The Classification of Race, Ethnicity, Color, or National Origin (CRECNO) Initiative:A Guide to the Projected Impacts on Californians
- Publisher: eScholarship, University of California
Higher Education | affirmative action | colorbind society | public health | law enforcement | housing discrimination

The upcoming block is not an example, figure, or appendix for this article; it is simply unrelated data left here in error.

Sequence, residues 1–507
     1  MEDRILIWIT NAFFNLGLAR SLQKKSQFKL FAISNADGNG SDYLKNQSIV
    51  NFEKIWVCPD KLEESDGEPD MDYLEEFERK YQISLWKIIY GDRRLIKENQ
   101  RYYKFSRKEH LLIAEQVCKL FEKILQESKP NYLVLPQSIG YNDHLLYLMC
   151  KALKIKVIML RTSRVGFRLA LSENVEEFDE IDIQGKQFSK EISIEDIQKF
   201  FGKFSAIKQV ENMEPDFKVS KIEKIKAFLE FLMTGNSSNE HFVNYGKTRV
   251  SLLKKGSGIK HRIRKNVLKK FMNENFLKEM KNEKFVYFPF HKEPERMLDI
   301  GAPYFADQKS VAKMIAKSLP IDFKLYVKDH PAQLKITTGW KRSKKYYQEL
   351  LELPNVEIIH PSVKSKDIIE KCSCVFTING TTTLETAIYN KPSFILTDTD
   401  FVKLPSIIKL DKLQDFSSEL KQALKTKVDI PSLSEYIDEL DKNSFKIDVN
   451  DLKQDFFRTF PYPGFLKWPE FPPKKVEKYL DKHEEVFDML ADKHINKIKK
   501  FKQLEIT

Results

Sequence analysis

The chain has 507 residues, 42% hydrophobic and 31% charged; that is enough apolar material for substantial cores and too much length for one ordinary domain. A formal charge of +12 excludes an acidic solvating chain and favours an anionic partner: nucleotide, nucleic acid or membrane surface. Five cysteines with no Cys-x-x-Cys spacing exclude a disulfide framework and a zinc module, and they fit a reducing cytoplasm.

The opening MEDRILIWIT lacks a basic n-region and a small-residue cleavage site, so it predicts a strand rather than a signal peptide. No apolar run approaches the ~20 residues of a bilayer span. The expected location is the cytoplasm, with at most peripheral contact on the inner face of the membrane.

Californians are scheduled to vote on the Classification of Race, Ethnicity, Color, or National Origin (CRECNO) Initiative in a special recall election on October 7, 2003. If passed by voters, the initiative will amend Article I of the California Constitution effective January 1, 2005, banning the state from classifying any individual by race, ethnicity, color, or national origin, except for certain purposes or under specified circumstances. CRECNO defines "classifying" as "separating, sorting or organizing . . . including, but not limited to, inquiring, profiling, or collecting such data on government forms." Classification by race, ethnicity, color, or national origin will still be allowed under the following circumstances: · If the governor and a two-thirds majority of both houses of the legis-lature decide that classification in state operations other than public education, public contracting, and public employment serves a "com-pelling state interest." · Classification by the Department of Fair Employment and Housing (DFEH) for 10 years after the effective date of CRECNO. DFEH in-vestigates individual complaints of discrimination. · Classification of medical research subjects and patients. · The description of suspects in order to aid law enforcement officers in their regular duties. This information cannot be aggregated or tracked to individuals. · The assignment of prisoners to correctional facilities and cells, and assignments to undercover law enforcement officers. · Classification that is mandated by federal law. · Classification that is necessary in order to maintain or establish eli-gibility for a federal program in order to prevent a loss of federal funds. · Classification that is mandated by any valid consent decree or court order in force as of the effective date of CRECNO. RECNO data are used at the program and policy level to identify population characteristics and trends, target and address disparities among different populations, and determine, prevent, and enforce against patterns and practices of discrimination. This report focuses on the pro-gram and policy impacts of CRECNO in four main areas: (1) education, (2) public health, (3) law enforcement, and (4) housing and employment discrimination.